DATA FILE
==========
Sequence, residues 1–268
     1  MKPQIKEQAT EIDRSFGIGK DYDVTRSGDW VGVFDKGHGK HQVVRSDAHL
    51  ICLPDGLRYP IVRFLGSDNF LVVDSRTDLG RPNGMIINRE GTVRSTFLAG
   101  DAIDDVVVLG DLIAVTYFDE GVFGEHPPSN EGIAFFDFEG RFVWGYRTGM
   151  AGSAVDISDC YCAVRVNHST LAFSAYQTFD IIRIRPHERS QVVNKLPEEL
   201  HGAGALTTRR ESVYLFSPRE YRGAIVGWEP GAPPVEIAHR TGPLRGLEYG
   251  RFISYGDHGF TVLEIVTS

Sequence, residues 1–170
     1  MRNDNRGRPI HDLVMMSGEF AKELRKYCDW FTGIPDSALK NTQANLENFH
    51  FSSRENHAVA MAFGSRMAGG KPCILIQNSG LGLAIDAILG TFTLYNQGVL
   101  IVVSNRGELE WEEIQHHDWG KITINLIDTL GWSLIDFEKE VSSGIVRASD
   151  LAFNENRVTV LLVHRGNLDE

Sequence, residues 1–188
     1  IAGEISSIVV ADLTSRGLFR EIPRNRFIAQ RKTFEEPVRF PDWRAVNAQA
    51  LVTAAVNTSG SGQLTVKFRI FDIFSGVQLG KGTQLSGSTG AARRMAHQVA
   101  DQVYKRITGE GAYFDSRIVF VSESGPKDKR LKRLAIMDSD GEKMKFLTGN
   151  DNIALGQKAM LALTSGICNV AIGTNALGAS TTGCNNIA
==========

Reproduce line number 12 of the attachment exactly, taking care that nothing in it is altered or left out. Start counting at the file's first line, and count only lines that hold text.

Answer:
   151  LAFNENRVTV LLVHRGNLDE